9. Know the various city departments, and their duties, such as fire, police, board of health, charities and education.
10. Be able to name and give location of public buildings and points of interest in her city or town.
11. Tell the history and object of the Declaration of Independence.

12. Cook. (Gridiron)
Girl Scout Badge 1917: Cook. (Gridiron) - DaisyLow.com Website designed n Memory of Eileen Alma Klos (1929-1974)       Girl Scout Badge 1917: Cook. (Gridiron) - DaisyLow.com Website designed n Memory of Eileen Alma Klos (1929-1974)

1. Must know how to wash up, wait on table, light a fire, lay a table for four, and hand dishes correctly at table.
2. Clean and dress fowl.
3. Clean a fish.
4. How to make a cook place in the open.
5. Make tea, coffee or cocoa, mix dough and make bread in oven and state approximately cost of each dish.
6. Know how to make up a dish out of what was left over from the meals of the day before.
7. Know the order in which a full course dinner is served.
8. Know how to cook two kinds of meat.
9. B oil or bake two kinds of vegetables successfully.
10. How to make two salads.
11. How to make a preserve of berries or fruit, or how to can them.
13. Invalid Cooking. (A palm leaf)
Girl Scout Badge 1913: Invalid Cooking. (A palm leaf) - DaisyLow.com Website designed n Memory of Eileen Alma Klos (1929-1974)
1. How to make gruel, barley water, milk toast, oyster or clam soup, beef tea, chicken jelly, and kumyss.

14. Cyclist. (A Wheel)
Girl Scout Badge 1913: Cyclist. (A Wheel) - DaisyLow.com Website designed n Memory of Eileen Alma Klos (1929-1974)
 
1. Own a bicycle.
2. Be able to mend a tire.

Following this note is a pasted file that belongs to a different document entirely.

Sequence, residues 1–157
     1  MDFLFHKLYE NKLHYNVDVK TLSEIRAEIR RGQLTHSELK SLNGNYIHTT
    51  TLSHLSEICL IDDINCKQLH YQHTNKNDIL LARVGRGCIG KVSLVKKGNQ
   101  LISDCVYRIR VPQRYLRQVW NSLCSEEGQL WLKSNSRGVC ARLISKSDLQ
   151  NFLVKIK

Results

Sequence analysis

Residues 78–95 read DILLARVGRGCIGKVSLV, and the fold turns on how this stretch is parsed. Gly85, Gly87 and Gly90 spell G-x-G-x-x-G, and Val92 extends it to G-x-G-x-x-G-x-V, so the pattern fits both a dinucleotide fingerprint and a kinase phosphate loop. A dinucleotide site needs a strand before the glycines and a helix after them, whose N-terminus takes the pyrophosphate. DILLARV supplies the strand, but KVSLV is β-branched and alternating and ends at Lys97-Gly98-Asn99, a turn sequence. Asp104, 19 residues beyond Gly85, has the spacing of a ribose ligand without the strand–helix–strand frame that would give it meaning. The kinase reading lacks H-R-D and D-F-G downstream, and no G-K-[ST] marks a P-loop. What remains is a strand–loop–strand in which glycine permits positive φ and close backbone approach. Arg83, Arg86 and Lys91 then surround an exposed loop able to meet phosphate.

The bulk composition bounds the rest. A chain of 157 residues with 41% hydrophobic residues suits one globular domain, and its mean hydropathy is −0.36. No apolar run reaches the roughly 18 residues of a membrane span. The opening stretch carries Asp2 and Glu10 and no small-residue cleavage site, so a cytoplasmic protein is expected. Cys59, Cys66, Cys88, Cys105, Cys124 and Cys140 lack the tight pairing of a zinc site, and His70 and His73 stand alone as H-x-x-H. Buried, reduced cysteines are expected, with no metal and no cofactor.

5. Read a map properly.
6. Know how to make reports if sent out scouting on a road.

3. Pledge herself to give the services of her bicycle to the government in case of need.

4. If she ceases to own a bicycle, she must return the badge.


15. Dairy. (Sickle)

Girl Scout Badge 1916: Dairy. (Sickle) - DaisyLow.com Website designed n Memory of Eileen Alma Klos (1929-1974)

1. Know how to test cow's milk with Babcock Test
2. To make butter.
3. How to milk.
4. Know how to do general dairy work, such as cleaning pans, etc.. sterilizing utensils.
5. Know how to feed, kill, and dress poultry.
6. Test five cows for ten days each with Babcock Test and make proper reports.


16. Electricity. (Lightning) To obtain a merit badge for Electricity, a Scout must:


Girl Scout Badge 1913: Electricity. (Lightning)  - DaisyLow.com Website designed n Memory of Eileen Alma Klos (1929-1974)        
1. Illustrate the experiment by which the laws of electrical attraction and repulsion are shown.
2. Understand the difference between a direct and an alternating current, and show uses to which each is adapted. Give a method of determining which kind flows in a given circuit.
3. Make a simple electro-magnet.
4. Have an elementary knowledge of the construction of simple battery cells, and of the working of electric bells and telephones.
5. Be able to replace fuses and to properly splice, solder, and tape rubber-covered wires.
6. Demonstrate how to rescue a person in contact with a live electrical wire, and have a knowledge of the method of resuscitation of a person insensible from shock.